O'FALLON, Ill. - The National Sleep Foundation, which launched Sleep Awareness Week in 1998, says 45% of Americans report poor or insufficient sleep negatively affects their daily lives.
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Sleep Awareness Week, March 12-18, highlights the importance of good sleep. With everyone moving their clocks ahead one hour on Sunday, March 12, with the start of Daylight Saving Time, sleep schedules may be affected.
“Sleep is one of the pillars of a healthy lifestyle, along with a balanced diet and regular exercise,” said Lia Turpin, a registered polysomnographic technologist at HSHS St. Elizabeth’s Hospital’s Sleep Disorders Center. “Sleep is when the brain and body disconnect from the senses, no longer allowing us to process information from the outside. In turn, sleep allows us to review activities and experiences from the day, which strengthens memory; gives our organs time to rest; allows our immune system to scan for infections and fight illnesses; and allows a child or teenager’s muscles to grow.”
According to Turpin, when our sleep health is optimal, our bodies function at a higher level, including mental and hormonal health. “Sleep also helps us think more clearly and creatively and improves mood,” she said. Insufficient sleep can lead to health conditions such as irritability, obesity, high blood pressure, heart disease, depression and diabetes. There are more than 80 identified sleep disorders, and sometimes, the cause has nothing to do with actual lack of sleep - stress, depression, a change in family dynamics, a new career and other life adjustments can lead to trouble sleeping.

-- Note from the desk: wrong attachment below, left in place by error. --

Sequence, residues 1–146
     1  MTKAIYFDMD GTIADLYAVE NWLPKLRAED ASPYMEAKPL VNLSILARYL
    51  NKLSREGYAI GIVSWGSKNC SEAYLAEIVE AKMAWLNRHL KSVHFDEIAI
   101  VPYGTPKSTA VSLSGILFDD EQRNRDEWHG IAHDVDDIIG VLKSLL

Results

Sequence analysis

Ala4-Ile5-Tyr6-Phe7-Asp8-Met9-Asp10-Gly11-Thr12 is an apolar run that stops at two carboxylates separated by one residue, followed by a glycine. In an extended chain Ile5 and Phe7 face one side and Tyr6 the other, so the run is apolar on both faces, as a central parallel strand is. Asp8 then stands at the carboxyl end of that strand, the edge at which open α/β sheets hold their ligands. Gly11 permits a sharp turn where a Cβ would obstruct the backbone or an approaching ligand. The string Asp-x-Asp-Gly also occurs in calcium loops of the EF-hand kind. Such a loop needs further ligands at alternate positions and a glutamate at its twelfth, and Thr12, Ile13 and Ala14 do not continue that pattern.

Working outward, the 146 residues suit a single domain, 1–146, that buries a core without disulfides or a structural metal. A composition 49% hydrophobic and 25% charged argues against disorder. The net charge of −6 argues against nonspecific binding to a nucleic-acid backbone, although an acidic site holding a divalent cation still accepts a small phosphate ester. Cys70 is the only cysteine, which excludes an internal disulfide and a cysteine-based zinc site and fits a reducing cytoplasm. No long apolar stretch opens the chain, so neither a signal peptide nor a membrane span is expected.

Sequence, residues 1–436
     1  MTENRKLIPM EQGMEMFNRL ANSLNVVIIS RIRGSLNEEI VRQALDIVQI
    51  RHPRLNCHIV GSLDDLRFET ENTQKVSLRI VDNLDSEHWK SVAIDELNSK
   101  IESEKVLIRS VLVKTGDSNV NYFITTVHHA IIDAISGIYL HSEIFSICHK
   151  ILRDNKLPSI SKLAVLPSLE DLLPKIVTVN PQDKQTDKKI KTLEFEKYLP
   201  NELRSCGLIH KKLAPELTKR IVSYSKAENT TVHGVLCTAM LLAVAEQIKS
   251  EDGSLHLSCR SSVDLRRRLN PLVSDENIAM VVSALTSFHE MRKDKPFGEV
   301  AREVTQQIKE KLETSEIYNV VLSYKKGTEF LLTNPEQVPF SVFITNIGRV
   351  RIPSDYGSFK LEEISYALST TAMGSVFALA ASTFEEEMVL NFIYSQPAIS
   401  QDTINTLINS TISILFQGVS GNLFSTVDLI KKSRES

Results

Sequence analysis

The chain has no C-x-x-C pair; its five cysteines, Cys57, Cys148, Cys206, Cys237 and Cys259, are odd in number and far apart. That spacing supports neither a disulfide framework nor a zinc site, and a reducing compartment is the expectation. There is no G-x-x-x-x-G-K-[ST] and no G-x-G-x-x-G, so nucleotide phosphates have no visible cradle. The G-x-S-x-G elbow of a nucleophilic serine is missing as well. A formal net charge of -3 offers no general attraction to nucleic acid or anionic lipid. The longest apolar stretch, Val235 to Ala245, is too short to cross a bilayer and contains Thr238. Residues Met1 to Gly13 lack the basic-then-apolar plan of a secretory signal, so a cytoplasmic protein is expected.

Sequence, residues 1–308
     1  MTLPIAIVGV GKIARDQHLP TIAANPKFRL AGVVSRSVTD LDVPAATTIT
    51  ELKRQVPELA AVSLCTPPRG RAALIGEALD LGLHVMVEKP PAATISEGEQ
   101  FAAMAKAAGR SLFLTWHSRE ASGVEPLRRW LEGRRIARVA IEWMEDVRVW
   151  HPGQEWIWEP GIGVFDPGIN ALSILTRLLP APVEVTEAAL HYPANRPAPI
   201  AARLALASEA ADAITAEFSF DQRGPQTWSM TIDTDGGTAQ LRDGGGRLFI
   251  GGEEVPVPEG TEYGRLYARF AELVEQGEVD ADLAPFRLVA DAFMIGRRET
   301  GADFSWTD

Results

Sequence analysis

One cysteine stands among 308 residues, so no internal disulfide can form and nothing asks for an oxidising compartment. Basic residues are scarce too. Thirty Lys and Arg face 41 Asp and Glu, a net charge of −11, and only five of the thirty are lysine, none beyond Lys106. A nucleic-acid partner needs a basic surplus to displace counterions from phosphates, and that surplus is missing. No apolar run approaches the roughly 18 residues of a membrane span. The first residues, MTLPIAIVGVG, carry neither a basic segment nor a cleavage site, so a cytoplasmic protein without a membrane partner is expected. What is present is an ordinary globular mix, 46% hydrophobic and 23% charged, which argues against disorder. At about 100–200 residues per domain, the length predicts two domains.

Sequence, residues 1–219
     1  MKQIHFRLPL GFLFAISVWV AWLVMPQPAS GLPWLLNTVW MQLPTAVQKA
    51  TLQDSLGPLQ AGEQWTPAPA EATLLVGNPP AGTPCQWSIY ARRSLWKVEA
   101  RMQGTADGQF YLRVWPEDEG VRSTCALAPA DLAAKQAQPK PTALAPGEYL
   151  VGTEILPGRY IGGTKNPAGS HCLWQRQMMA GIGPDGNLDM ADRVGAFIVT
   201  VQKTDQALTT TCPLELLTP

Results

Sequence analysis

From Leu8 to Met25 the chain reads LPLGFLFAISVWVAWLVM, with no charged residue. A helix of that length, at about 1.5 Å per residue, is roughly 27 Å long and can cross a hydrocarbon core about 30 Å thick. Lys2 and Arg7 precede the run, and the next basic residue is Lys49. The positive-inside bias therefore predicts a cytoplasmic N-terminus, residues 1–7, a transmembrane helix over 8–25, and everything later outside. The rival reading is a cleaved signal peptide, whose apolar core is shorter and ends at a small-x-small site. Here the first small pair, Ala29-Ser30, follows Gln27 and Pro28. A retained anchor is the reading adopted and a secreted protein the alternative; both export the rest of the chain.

The term “sleep hygiene” refers to a series of healthy sleep habits that can improve your ability to fall asleep and stay asleep, including:
- Limit the use of electronics one hour prior to bed to prepare bodies and brains for sleep.
- Do not go to bed hungry.
- Keep the bedroom temperature cooler than the rest of the house.
- Avoid caffeine and alcohol four to six hours before bedtime.
- If you don’t fall asleep after 20 minutes, get out of bed and do a quiet activity without a lot of light exposure until you feel sleepy.
Turpin advised that it’s always best to stay in a routine when it comes to bedtime and wake time, especially with kids. “It’s difficult to get kids to bed sometimes, so allowing them to stay up a bit later every now and then is okay but try not to deviate more than one hour.”
If you have concerns about sleep patterns, or have difficulties falling or staying asleep, you may benefit from an evaluation by physicians at the Sleep Disorders Center. Sophisticated diagnostic equipment is used to non-invasively monitor brain, heart, respiratory and muscle activity during sleep. For more information on the Sleep Disorders Center in O’Fallon or to make an appointment, call 1-888-650-7474.
For more information about getting quality sleep, visit the American Academy of Sleep Medicine.
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